These composite case studies are meant to provide an opportunity for readers to synthesize and reflect on topics discussed throughout this guide. We present two here: one to reflect on a decision made by a fellow grantmaker and another in which you decide the outcome. Consider your own reactions, but also speak with others and see what you learn from those conversations. There’s no one way to approach the scenarios presented, so it can be useful to see what you might discover by hearing from different perspectives. Add your thoughts in response to the discussion questions on our website.
The grantee’s ask and funder’s decision: A start-up nonprofit promoting economic justice for women and girls in Cambodia approached the XYZ Foundation with a $25,000 proposal to support the creation of a three-year strategic plan. The head of the women and girls portfolio at XYZ met with the nonprofit’s staff (at the encouragement of one of XYZ’s board members) and decided to recommend the full $25,000 requested with two stipulations: 1) that the nonprofit hire a consultant of its own choosing, that the XYZ Foundation staff approves, to support its strategic planning process; and 2) that the two nonprofit leaders participate in the XYZ Foundation’s women and girls portfolio peer learning network.
Background on the nonprofit: The start-up nonprofit was founded a year and a half ago by two millennial women, one born and raised in Cambodia who just recently completed an MBA and the other a Cambodian American with four years nonprofit experience at a well-established women’s leadership organization in the U.S. The nonprofit has run an in-country program for the last year and a half and become known for its small business development program supporting entrepreneurship among young women in Cambodia. The organization’s current operating budget is about $80,000, funded by multi-year grants from USAID and several grants from internationally focused foundations (two foundations out of the U.S., one widely known private foundation and the other a small family foundation). This nonprofit’s board of directors includes five nonprofit leaders: three executive directors of U.S.- focused nonprofits serving Asian Americans and two NGO executive directors in Cambodia. These five bring a range of content expertise in community and economic development. Background on the foundation’s capacity building approach: The XYZ Foundation is an internationally focused private foundation that gives about $10 million in grants each year across three issue areas (women and girls, environment, and health) in the Global South. Its six program officers have given ad hoc capacity-building support to grantees, as requested by applicants, but staff are now trying to determine a more strategic organizational development approach across all of XYZ’s grantmaking. The XYZ Foundation usually gives capacity-building support to longstanding institutions that have already received program grants, but this request came in through one of XYZ’s board members, who is a high school friend of one of the nonprofit’s board members.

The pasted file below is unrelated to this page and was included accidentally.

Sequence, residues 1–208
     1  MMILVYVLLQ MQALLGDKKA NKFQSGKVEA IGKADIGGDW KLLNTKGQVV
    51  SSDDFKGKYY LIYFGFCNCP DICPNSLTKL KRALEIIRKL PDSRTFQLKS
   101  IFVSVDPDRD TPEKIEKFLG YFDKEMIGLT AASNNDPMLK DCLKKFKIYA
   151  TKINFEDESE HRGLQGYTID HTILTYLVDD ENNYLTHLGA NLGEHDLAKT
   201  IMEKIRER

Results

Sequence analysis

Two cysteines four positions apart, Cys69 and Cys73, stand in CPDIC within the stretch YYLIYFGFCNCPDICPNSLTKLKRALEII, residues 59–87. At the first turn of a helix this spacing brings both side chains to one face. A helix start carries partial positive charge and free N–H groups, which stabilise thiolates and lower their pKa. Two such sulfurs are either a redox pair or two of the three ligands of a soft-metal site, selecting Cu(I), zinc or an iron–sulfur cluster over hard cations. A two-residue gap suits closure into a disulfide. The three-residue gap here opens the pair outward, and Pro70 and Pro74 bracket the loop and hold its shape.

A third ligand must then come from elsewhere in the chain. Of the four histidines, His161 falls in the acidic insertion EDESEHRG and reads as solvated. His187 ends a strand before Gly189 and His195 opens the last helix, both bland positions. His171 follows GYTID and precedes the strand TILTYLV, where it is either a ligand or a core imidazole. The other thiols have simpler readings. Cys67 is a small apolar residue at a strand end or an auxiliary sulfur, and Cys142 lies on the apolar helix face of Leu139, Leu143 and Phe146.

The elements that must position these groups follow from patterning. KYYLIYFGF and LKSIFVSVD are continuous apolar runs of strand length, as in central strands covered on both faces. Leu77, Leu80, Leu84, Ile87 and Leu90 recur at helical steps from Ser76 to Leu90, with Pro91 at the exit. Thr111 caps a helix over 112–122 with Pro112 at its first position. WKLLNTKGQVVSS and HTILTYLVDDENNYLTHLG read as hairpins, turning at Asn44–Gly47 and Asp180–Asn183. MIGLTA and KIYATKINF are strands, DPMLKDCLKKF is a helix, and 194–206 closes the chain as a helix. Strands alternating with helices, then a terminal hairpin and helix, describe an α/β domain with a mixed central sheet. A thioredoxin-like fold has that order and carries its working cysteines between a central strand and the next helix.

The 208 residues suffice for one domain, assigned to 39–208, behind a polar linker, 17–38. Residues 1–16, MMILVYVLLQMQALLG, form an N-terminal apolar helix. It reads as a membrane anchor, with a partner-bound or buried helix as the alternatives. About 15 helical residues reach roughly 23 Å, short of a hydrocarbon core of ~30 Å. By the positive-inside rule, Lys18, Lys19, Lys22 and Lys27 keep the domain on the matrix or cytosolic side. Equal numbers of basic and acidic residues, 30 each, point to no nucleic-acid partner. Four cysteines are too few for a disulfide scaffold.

The ask: The executive director of a nonprofit that you have funded for several grantmaking cycles approaches you for $100,000 to hire a consultant to support its executive director transition.
Background on the nonprofit: This grantee is a U.S.-based national nonprofit support organization with offices in New York City, Los Angeles, Chicago, and Washington, DC. The organization, founded in 1987, has a $5 million operating budget and about 20 staff. While most funding comes from grants, about a third of revenue is from its nonprofit consulting practice focused on strategic planning and board development. The executive director has run the organization for more than 10 years. Rumor has it he plans to retire in the next couple of years. Your grant support to this nonprofit has always been program based, but this time the executive director has come to you with this capacity-building request. The ED isn’t exactly forthcoming about the timing of the transition. You also know the organization is going through a number of executive and board changes — a new COO and new board chair — while also having just completed a strategic planning process. You’ve seen the new strategic plan, and it appears almost identical to the last five-year plan. The consultant the executive director wants to hire works for the firm that conducted the strategic plan for his organization.
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